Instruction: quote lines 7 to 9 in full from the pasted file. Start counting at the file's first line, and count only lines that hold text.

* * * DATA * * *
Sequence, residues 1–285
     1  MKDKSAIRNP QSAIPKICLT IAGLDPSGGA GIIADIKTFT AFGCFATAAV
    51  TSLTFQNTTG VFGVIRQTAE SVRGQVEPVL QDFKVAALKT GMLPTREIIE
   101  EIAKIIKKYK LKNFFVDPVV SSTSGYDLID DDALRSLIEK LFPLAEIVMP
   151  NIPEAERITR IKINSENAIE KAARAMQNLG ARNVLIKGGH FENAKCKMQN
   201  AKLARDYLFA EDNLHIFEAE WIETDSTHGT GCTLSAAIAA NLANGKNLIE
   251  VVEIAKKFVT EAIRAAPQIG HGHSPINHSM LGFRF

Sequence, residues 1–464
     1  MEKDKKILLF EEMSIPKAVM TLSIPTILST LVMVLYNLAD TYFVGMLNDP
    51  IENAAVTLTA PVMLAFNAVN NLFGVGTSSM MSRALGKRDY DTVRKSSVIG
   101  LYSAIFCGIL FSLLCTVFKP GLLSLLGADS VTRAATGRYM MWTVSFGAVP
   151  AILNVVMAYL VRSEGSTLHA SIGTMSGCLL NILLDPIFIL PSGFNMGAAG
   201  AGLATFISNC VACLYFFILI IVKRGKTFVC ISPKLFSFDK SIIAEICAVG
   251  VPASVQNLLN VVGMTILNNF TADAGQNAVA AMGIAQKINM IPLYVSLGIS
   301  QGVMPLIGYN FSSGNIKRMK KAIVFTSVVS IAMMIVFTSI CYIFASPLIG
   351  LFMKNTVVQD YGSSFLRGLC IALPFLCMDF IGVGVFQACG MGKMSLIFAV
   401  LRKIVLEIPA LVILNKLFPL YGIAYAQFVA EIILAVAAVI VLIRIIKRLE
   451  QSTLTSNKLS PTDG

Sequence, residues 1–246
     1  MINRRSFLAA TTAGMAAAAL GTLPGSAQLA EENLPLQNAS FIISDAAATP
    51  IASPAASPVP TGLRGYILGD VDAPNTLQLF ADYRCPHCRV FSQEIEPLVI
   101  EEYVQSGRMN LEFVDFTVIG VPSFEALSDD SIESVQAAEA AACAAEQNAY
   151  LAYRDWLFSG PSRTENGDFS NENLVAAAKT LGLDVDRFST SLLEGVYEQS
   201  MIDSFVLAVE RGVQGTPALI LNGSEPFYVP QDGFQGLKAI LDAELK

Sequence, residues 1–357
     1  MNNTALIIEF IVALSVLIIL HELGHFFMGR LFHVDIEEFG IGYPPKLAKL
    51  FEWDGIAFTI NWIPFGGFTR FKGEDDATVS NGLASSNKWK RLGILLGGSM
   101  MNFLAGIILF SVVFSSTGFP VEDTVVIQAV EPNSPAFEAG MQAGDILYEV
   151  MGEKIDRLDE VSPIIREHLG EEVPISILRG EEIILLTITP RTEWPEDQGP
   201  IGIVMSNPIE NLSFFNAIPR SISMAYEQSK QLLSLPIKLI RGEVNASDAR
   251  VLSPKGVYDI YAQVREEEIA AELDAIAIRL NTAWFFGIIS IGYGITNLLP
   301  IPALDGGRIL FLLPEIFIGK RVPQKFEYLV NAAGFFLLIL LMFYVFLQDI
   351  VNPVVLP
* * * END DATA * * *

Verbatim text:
   251  VVEIAKKFVT EAIRAAPQIG HGHSPINHSM LGFRF

Sequence, residues 1–464
     1  MEKDKKILLF EEMSIPKAVM TLSIPTILST LVMVLYNLAD TYFVGMLNDP